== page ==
Susan Tedeschi, “You Got the Silver” (2005)
The first Stones song to feature Keith Richards on lead vocal throughout, “You Got the Silver” was originally released in 1969 on Let it Bleed. Thirty-six years later, Susan Tedeschi included this version on her 2005 covers album, Hope and Desire. In her hands, the track receives more country and blues influences than the original, including wailing guitar part delivered by husband Derek Trucks.
Black Joe Lewis and the Honeybears, “Sway” (2011)
In 2011, Mojo magazine recruited an assortment of acts for their Rolling Stones tribute album Sticky Soul Fingers. One of the standout tracks from the release was this blues-rock cover of “Sway,” delivered by Black Joe Lewis & the Honeybears.
Sharon Jones and the Dap Kings, “Wild Horses” (2011)
Another highlight from Mojo’s Sticky Soul Fingers compilation was this emphatic rendition of “Wild Horses” by Sharon Jones and the Dap Kings. Though the original was a breezy acoustic ballad, Jones ramped up the energy with a vibrant and soulful interpretation.
Meat Puppets, “What to Do” (1999)
When influential rock trio Meat Puppets re-released their sophomore album, Meat Puppets II, in 1999, they included a handful of previously unavailable tracks. Among them was this cover of the early Stones tune “What to Do.”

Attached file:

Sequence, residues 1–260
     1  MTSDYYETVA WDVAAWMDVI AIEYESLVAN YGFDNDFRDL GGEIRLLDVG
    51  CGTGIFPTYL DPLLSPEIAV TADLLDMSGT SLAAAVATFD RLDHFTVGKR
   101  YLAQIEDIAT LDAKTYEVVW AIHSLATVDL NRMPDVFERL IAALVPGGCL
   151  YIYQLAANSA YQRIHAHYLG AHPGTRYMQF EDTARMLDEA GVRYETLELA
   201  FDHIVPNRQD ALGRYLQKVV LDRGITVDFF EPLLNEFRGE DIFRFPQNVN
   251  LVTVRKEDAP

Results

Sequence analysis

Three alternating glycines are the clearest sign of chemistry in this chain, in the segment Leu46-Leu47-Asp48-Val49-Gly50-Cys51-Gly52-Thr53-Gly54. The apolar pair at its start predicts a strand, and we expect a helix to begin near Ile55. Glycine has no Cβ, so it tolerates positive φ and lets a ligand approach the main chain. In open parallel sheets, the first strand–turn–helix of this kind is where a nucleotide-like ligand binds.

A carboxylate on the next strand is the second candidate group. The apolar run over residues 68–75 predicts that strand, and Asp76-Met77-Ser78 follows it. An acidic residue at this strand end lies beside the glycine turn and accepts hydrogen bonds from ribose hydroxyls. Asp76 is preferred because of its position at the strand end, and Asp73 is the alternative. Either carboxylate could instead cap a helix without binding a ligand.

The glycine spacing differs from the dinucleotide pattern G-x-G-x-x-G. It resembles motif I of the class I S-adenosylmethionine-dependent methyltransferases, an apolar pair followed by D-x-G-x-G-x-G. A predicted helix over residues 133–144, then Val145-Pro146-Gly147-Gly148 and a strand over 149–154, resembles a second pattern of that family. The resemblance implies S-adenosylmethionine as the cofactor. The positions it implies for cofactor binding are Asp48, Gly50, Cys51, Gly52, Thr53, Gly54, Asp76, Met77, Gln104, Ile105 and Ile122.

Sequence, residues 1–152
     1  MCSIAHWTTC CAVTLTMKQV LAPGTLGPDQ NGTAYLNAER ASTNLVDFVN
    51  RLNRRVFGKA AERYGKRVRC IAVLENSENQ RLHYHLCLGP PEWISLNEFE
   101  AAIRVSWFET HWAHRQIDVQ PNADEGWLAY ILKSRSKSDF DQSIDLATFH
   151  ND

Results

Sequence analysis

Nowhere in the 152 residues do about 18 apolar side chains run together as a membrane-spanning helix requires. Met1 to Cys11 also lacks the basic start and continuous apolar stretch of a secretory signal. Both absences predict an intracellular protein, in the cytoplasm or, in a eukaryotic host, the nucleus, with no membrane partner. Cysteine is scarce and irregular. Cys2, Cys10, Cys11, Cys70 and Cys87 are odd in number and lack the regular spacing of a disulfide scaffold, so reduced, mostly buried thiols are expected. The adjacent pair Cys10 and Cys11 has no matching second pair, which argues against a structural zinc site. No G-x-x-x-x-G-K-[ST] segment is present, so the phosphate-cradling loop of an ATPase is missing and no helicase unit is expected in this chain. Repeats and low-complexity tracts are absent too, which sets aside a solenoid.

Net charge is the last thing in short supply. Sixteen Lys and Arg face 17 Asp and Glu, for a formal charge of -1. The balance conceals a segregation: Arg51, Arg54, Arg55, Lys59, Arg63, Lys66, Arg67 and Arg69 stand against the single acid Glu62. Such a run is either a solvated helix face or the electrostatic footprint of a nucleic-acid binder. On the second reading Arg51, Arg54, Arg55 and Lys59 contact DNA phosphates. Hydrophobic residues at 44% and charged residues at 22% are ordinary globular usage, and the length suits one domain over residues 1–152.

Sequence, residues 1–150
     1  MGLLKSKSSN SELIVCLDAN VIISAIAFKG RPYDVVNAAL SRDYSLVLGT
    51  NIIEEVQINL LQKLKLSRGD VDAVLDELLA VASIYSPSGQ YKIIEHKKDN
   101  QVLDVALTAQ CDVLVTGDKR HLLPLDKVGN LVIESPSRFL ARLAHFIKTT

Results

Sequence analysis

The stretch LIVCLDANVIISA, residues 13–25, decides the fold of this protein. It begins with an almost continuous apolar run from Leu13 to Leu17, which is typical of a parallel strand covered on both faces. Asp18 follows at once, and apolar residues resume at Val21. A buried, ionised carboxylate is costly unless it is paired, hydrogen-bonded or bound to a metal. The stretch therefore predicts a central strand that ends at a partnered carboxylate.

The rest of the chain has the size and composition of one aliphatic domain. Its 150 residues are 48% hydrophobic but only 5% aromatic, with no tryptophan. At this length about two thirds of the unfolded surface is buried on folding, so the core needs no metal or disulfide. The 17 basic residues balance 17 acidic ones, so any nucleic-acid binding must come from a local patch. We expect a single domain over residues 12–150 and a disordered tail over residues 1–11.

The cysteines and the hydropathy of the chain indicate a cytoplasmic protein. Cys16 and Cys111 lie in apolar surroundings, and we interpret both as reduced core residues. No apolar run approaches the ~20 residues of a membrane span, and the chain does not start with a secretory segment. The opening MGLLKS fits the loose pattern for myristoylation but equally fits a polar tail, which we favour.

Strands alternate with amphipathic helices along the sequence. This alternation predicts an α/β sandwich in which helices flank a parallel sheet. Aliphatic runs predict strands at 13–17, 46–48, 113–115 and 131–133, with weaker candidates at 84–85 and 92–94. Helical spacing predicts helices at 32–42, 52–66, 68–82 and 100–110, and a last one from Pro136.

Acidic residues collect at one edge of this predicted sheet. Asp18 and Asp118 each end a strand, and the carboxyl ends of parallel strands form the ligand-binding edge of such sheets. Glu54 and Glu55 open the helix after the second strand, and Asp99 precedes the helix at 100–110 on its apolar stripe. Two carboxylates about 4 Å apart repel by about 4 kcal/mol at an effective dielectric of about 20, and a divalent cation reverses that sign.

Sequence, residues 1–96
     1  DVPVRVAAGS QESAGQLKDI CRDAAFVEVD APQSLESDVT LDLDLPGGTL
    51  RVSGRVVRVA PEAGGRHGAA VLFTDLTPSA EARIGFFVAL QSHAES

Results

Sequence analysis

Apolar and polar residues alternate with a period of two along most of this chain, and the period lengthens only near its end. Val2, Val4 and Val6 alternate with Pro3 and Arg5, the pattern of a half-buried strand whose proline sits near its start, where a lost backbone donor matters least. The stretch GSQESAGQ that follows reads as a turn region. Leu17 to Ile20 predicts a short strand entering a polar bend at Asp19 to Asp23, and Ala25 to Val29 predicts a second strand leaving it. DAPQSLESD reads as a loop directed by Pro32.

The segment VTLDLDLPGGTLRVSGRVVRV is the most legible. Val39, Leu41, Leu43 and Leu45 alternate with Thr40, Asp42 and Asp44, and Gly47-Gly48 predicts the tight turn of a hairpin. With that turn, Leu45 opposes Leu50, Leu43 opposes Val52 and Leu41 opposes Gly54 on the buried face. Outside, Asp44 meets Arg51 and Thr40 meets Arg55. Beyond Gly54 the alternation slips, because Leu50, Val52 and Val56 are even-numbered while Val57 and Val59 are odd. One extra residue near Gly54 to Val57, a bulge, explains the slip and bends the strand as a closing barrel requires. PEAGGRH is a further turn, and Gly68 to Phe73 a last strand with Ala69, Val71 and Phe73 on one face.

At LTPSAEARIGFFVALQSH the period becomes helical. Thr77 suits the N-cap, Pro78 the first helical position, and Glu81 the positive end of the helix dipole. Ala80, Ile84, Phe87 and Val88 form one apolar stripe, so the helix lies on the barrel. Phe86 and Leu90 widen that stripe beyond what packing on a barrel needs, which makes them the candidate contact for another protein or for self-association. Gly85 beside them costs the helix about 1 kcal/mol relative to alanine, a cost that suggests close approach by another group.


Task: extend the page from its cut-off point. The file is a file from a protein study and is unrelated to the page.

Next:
Phish, “Loving Cup” (2010)
Jam band Phish have made the Stones’ “Loving Cup” a regular part of their live set list for more than a decade. The tune – originally released on the Stones’ iconic 1972 LP Exile on Main St. – has also appeared on several Phish live albums, including At the Roxy, Hampton/Winston-Salem ’97, Amsterdam and the 2010 concert film Phish 3D.
Marianne Faithfull, “As Tears Go By” (1964)
The rare case where the cover came out before the Stones’, Marianne Faithfull released her version of “As Tears Go By” in 1964. The song, which had been penned by Richards and Jagger, became Faithfull’s breakthrough hit, peaking at No. 9 on the U.K. chart. The Stones would release their version in December 1965, right around the time Jagger and Faithfull became the It Couple of the swinging ‘60s.
Chevy Metal, “Miss You” (2017)
The side project of Foo Fighters drummer Taylor Hawkins, Chevy Metal have developed a passionate following thanks to their lively versions of many classic-rock tracks. The group regularly covers artists like Queen, Van Halen, Motley Crue, the Doors and the Beatles during their energetic live shows. Here, the band, joined by fellow Foo Dave Grohl, delivers its rendition of the Rolling Stones’ 1978 chart-topper “Miss You.”